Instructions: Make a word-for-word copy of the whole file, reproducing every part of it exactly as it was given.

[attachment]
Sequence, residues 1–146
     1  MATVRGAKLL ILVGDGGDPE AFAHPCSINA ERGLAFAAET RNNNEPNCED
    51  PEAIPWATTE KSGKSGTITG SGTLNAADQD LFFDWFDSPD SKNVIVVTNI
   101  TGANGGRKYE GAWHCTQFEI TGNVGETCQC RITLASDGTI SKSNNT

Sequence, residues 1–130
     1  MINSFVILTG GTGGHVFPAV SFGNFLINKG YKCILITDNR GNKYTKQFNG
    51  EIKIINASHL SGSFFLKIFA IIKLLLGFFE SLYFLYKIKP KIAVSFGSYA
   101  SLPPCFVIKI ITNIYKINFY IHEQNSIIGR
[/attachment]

Sequence, residues 1–146
     1  MATVRGAKLL ILVGDGGDPE AFAHPCSINA ERGLAFAAET RNNNEPNCED
    51  PEAIPWATTE KSGKSGTITG SGTLNAADQD LFFDWFDSPD SKNVIVVTNI
   101  TGANGGRKYE GAWHCTQFEI TGNVGETCQC RITLASDGTI SKSNNT

Sequence, residues 1–130
     1  MINSFVILTG GTGGHVFPAV SFGNFLINKG YKCILITDNR GNKYTKQFNG
    51  EIKIINASHL SGSFFLKIFA IIKLLLGFFE SLYFLYKIKP KIAVSFGSYA
   101  SLPPCFVIKI ITNIYKINFY IHEQNSIIGR